Greenhouse gas UK and Global Emissions (GAUGE)

Lead Research Organisation: University of Leeds
Department Name: Sch of Geography


To minimize the risk of dangerous climate change associated with increasing concentrations of atmospheric greenhouse gases (GHG), as part of ongoing international efforts, the 2008 Climate Change Act requires that the UK reduces its GHG emissions by at least 80% by 2050, compared to 1990 levels. To support such legislation, methods must be developed to reduce uncertainty on existing national GHG emissions estimates and monitor the efficacy of emissions reduction strategies. In 2010, CO2 represented about 85% of total UK GHG emissions, with the remainder largely from methane (CH4) and nitrous oxide (N2O). In 2010, the main UK sources of CO2 were energy supply, road transport, business, and residential; the main sources of CH4 were agriculture and landfill with small sources from gas leakage and coal mines; and the main sources of N2O were agriculture, industrial process, and road transport. There are substantial associated uncertainties with sectoral estimates of these emissions, particularly for N2O.

The main focus of Greenhouse gAs Uk and Global Emissions (GAUGE) is to quantify UK budgets of CO2, CH4, and N2O from different sectors, and to improve global GHG budgets. The UK study will focus on fossil fuels and agriculture, the two largest sources of the three GHGs. We will achieve this by combining atmospheric measurements with computer models of the atmosphere, which describe the movement of GHGs after emission. We already have a reasonable idea of where GHGs are emitted but the size of the emissions typically has a large associated error. Depending on the emission type it may also have a substantial seasonal cycle (e.g., agriculture). It is therefore important we make regular GHG measurements at different times of the year and in different places. The UK research aircraft will provide the broad-scale 3-D perspective on the inflow and outflow of UK GHG budgets, complementing information from existing tall towers. The network of tall towers measure GHGs at 100-200m above the surface to ensure that the sampled air is representative of larger areas, and the towers are intentionally sited to provide estimates of GHG emissions in the Devolved Administrations. As part of GAUGE we will add to this network with a tower in the Scottish borders that provides substantially more information about the north of England, Scotland, and the North Sea; a tower over SE England, downwind of London; and we will support existing instruments on the BT tower in central London. The SE London tower and the BT tower together will allow us to provide the first multi-year record of urban emissions from a megacity. We will use GHG isotopes to improve understanding of the fossil fuel sources. A detailed study of agricultural GHG emissions will be conducted over East Anglia, allowing us to quantify the importance of this sector in the UK GHG budget. Weekly measurements aboard a North Sea ferry will provide constraints on UK GHG fluxes by regularly sampling transects of UK outflow. Satellite observations of GHGs offer a unique global perspective, linking UK emissions to the rest of the world, and we will work with NASA to develop and apply new observations to quantify global GHG budgets on a sub-UK spatial scale. Embedded in this long-term measurement strategy will be a measurement intensive to quantify London GHG emissions, where we will use the UK research aircraft to sample profiles of upwind/downwind air, validate dedicated satellite observations, and link urban measurements with downwind in situ and tall tower measurements.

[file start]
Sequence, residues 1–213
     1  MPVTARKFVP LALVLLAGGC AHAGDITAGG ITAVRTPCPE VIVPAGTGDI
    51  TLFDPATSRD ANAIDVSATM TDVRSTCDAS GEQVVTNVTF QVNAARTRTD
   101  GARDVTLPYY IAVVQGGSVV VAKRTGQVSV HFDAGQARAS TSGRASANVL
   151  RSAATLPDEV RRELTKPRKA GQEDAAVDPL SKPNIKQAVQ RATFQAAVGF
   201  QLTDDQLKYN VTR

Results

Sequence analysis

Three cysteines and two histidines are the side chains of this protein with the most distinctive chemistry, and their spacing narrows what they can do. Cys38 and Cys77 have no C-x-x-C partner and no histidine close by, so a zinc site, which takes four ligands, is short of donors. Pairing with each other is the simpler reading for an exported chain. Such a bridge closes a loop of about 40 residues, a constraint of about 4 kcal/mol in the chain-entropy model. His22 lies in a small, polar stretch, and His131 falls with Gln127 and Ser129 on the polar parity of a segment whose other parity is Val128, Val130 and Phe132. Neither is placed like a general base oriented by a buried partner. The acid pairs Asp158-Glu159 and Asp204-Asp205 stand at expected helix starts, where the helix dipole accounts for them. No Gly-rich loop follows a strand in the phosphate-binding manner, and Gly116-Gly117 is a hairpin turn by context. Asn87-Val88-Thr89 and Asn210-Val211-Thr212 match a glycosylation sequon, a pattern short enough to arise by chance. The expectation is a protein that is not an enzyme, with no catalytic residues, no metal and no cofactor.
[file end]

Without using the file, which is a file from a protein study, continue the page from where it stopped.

In GAUGE we bring together computer models of the atmosphere, and a team of world-leading modellers, in order to relate observed variations of GHGs to estimates of the underlying emissions. Statistical approaches will be used to find emissions that best agree with the measurements, taking account of model and data uncertainties. The main outcome from GAUGE will be robust GHG emission estimates from the UK and from the world.

Planned Impact

See Lead Proposal
Description The consortium as a whole has demonstrated strategies to estimate greenhouse gas budgets from large towns using aircraft as well as to some extent a framework to estimate greenhouse gas budgets using a network of tall tower continuous greenhouse gas concentration measurement sites.
Exploitation Route Demonstration of key elements of a greenhouse gas observation networtk.
Sectors Creative Economy,Digital/Communication/Information Technologies (including Software),Environment

Description To be seen but prototype work and feasibility has been demonstrated.
First Year Of Impact 2016
Sector Creative Economy,Digital/Communication/Information Technologies (including Software),Environment